left the Hohenzollerns without a rival among the ProtestIn matters of general administration Frederick William ant dynasties of Germany. Frederick was an extravagant showed himself a prudent and careful ruler, and laid the ruler, who lavished large sums in maintaining his personal foundation of the future greatness of Prussia in almost state; but his expenditure was not wholly of this profitless every department. The military and bureaucratic systems nature, since he founded the university of Halle as a school of the country both received their first important impulse of liberal theology, established academies of art and science in this reign. The wounds inflicted by the Thirty Years' at Berlin, and patronized men of literary eminence. In War were in a great measure healed, and the finances and this he was perhaps mainly inspired by his talented wife credit of the state were established on a firm basis. Agri- Sophia Charlotte, a sister of George I. of England. culture and commerce were improved and encouraged by The court of Vienna had consoled itself for the growing a variety of useful measures, and education was not power of Prussia under the Great Elector by the reflexion neglected. The elector even established Prussian colonies that it was probably of a temporary nature and due mainly in Africa, and formed a small but efficient navy. In to the vigorous individuality of that prince. The events matters of religion Brandenburg stands out prominently of Frederick I.'s reign seemed to justify this view. At his as the only country of the time in which all Christian accession Prussia might fairly claim to rank as the second confessions were not only tolerated but placed upon an state of Germany and possessed considerable influence as a equal footing. The condition of the peasantry, however, European power of all but the first order. This, however, reached almost its lowest ebb, and the “ or charter had been changed before the death of Frederick. Bavaria, of 1653 practically recognizes the existence of villainage. Saxony, and Hanover had all raised themselves to at least While the barons had been losing power on the one side a level with Prussia, which now sank back into the posias opposed to the elector, they had been increasing it on tion of a merely German state and loyal supporter of the the other at the expense of the peasants. The Thirty empire. Frederick's preoccupation in the western wars Years' War afforded them frequent opportunities of replac- had allowed Sweden to reassert her pre-eminence in ing the village “Schulzen ” with manorial courts; and the northern Europe, and it was Russia and not Prussia that fact that their quota of taxation was wholly wrung from now impeded her progress. The internal soundness of the the holdings of the peasants made the burden of the latter country had also suffered : the finances were in a state of four or five times as great as that of the towns. The state complete disorganization, and the burden of taxation was of public morals also still left much to be desired, while almost insupportable. If Frederick's successor had not the clergy were too much occupied with squabbles over been a man of vigorous character the downhill progress Lutheranism and Calvinism to be an effective instrument might have continued until it had removed Prussia altoof reform,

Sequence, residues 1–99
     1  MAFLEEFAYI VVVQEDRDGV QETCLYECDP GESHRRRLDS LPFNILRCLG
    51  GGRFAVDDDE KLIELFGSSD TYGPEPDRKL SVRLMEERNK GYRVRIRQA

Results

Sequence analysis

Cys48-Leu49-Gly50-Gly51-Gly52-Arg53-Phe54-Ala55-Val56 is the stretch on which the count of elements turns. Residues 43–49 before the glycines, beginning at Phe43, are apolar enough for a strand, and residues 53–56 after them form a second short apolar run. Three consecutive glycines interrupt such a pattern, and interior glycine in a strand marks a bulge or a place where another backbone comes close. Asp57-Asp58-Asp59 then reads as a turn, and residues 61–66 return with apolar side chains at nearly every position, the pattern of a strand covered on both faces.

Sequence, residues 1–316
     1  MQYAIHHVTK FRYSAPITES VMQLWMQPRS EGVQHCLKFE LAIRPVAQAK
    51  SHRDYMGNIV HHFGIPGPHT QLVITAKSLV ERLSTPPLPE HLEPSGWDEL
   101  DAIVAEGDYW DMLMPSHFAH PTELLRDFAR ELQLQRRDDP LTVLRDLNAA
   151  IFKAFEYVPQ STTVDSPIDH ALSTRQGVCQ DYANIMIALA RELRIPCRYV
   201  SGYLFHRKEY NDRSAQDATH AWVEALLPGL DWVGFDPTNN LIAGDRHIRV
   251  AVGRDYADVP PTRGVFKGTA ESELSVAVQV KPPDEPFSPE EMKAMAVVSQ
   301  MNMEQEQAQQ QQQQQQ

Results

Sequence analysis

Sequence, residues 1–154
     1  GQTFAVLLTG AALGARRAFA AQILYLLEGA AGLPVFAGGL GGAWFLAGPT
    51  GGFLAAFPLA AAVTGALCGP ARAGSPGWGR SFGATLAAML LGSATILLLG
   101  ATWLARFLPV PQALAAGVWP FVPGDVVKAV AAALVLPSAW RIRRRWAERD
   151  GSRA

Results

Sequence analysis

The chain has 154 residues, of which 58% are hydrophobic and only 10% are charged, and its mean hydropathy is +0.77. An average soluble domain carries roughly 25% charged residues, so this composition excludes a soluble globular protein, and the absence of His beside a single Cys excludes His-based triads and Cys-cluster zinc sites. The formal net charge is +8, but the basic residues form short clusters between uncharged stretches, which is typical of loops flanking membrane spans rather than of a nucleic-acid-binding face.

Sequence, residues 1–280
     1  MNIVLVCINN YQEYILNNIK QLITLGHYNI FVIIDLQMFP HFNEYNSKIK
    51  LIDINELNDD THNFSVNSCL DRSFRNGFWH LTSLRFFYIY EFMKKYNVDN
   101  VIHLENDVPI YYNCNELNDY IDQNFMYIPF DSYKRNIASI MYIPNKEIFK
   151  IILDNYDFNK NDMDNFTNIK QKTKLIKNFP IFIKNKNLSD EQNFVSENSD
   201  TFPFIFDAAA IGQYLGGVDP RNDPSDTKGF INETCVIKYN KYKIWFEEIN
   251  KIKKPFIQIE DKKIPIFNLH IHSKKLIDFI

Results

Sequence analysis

gether from the list of important states. Perhaps the King The Great Elector's son Frederick I. (1688-1713) was an general estimate of Frederick's character is unduly low Frederick ostentatious and somewhat frivolous prince, who hazarded owing to the fact that he was followed as well as preceded